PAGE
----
Kimmelman recently wrote an article in the Times proposing to move Madison Square Garden to the west side of Manhattan, where the Javits Convention Center currently is. The proposal involves a number of complicated moves, including possibly relocating Amtrak to the nearby post office, and the whole proposal hinges on the construction of a new convention center near JFK airport. But Kimmelman’s point was that today private interests too often outweigh public interests. We need to refocus our priorities on projects that have a greater common good — like how Penn Station was once constructed to maximize public space.
Public Space and Public Consciousness
Public space serves a purpose beyond the aesthetic. The relationship of the built environment and public health is also finally getting the attention it deserves. Too, public space has important cultural significance and meaning. Kimmelman cited the flourishing of makeshift memorials after 9/11. Public spaces in New York City – and around the country – became forums for dialogue, expressions of solidarity, and grieving.
Makeshift Memorials After 9/11
Carving out high-quality public space in New York has always been a challenge. I recently visited the Museum of the City of New York’s exhibit on the expansion of Manhattan’s grid. It’s striking that in the original 1811 Randel plan didn’t call for a large public space on the scale of Central Park. It really was a plan driven by development interests.
In many New York City neighborhoods, parks are token gestures occupying the spaces between buildings. New York’s zoning resolution pass 50 years ago attempted to address this deficiency by providing incentive program for public spaces. By allowing density bonuses (meaning taller, more profitable buildings), developers built public spaces in exchange. The parks and plazas that resulted exist in a unique legal state. These privately-owned public open spaces (abbreviated as “POPS”, or, less often but more expressively as “POPOS”) often don’t feel public at all.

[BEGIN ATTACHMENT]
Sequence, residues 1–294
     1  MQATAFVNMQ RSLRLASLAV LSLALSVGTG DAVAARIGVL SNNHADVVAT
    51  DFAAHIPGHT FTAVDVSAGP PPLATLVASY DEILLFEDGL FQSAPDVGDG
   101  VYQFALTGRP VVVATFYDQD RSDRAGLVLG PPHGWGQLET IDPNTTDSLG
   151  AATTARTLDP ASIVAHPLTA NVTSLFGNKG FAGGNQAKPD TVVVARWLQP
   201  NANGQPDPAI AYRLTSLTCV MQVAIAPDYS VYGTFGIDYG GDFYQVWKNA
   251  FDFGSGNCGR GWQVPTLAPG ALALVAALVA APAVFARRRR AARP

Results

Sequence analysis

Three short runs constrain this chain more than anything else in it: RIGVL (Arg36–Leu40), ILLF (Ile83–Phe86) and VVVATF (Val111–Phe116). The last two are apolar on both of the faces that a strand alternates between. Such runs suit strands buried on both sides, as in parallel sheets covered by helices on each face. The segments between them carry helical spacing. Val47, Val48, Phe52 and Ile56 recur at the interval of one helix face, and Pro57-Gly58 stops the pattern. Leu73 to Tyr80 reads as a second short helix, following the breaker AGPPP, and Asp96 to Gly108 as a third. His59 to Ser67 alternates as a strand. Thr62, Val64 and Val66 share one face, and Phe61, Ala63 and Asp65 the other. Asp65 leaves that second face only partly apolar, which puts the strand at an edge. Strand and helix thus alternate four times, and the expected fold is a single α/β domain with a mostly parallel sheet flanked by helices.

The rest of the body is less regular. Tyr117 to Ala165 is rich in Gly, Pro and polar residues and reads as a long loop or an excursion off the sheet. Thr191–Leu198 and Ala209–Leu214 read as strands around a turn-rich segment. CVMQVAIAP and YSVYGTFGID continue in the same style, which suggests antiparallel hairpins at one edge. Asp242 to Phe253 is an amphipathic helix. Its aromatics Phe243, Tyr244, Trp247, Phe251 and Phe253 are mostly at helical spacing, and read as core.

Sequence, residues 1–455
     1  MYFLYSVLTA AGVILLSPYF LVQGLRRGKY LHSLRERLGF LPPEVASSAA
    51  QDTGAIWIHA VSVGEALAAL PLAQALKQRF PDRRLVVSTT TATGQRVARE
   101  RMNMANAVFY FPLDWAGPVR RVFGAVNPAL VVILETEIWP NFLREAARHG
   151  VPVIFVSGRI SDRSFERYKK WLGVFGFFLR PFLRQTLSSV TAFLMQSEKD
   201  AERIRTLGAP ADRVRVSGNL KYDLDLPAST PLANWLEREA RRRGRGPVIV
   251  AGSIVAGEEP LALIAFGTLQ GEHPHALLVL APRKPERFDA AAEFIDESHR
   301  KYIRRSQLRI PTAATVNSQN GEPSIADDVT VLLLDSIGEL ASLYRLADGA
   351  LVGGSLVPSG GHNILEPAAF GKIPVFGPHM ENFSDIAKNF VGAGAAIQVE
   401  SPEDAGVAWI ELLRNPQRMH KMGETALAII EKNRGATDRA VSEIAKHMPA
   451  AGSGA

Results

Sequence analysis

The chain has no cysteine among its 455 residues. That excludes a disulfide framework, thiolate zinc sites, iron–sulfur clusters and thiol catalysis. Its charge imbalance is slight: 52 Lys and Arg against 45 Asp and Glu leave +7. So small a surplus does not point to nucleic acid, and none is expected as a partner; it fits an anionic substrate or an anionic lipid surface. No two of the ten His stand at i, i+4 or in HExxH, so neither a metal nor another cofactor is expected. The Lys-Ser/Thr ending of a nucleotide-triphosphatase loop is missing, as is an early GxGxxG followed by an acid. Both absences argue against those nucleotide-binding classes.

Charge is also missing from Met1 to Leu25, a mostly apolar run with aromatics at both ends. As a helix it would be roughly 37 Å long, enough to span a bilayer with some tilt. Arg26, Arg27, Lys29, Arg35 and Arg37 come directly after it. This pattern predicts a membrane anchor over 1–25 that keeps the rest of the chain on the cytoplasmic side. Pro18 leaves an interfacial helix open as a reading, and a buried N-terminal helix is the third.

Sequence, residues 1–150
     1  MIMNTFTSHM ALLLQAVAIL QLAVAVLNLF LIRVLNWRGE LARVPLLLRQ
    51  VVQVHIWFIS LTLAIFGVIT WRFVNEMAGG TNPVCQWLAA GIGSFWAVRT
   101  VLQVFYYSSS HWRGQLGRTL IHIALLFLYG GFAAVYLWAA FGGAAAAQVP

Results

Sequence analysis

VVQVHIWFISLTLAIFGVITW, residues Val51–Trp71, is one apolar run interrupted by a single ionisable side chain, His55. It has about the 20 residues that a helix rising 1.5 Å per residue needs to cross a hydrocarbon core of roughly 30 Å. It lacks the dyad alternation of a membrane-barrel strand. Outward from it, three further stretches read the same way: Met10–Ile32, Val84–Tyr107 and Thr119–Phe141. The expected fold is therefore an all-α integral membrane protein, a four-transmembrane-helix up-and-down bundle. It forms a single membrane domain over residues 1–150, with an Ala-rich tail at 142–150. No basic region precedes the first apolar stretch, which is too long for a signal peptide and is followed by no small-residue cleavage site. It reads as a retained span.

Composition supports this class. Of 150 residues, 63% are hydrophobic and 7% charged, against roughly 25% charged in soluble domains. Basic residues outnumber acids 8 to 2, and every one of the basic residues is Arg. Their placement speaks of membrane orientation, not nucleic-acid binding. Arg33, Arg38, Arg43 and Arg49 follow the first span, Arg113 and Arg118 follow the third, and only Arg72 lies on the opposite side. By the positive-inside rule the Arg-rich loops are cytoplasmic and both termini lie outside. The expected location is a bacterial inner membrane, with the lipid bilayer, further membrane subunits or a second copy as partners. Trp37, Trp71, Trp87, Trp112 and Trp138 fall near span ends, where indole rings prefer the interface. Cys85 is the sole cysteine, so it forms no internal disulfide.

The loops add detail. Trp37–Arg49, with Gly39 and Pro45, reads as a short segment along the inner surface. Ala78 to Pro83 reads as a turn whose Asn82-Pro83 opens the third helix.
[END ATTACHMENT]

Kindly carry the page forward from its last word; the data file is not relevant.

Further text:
Zuccotti Park Was the Center of the Occupy Wall Street Protests
Just how public these POPS were came into public focus with the rise of the Occupy Wall Street movement. These protests were centered around Zuccotti Park, a POPS in downtown Manhattan, just around the corner from Wall Street. Over the course of the demonstrations, protesters transformed Zuccotti Park into a miniature city, with a library, medical center, cafeteria and more. As Kimmelman said, it was significant that this movement was based in a physical location. It wasn’t purely an online campaign or something similar; rather it was a protest linked in a place. As Kimmelman has argued, nothing replaces people physically taking to the streets. Places “haunt our imaginations.”
The symbolism of Zuccotti Park — its proximity to Wall Street, its private ownership, its compact space (which could look jammed with just a few hundred people) — all worked in helping transforming an “institutional space” into a truly democratic “insurgent space.” As Kimmelman argued, that takes political will more than anything, but its also predicated on the very existence of these kinds of public spaces — places where political gatherings are, if not encouraged, at least tolerated.